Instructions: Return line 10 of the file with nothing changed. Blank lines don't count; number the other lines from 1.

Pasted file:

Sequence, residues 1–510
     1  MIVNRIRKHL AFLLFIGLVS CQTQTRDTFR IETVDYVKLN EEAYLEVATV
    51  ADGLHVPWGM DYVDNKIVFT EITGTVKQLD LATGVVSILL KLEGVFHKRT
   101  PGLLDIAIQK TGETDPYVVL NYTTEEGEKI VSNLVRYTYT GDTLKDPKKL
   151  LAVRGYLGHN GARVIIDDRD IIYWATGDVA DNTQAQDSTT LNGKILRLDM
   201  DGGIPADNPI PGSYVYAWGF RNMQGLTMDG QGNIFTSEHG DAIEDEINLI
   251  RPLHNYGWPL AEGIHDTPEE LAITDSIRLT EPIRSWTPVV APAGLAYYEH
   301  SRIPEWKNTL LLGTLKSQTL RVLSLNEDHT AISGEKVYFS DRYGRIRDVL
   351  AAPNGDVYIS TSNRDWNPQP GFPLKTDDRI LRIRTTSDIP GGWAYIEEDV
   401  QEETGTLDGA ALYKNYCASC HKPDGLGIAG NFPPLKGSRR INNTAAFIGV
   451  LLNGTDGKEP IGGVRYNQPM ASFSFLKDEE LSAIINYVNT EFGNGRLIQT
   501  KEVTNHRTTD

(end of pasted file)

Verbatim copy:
   401  QEETGTLDGA ALYKNYCASC HKPDGLGIAG NFPPLKGSRR INNTAAFIGV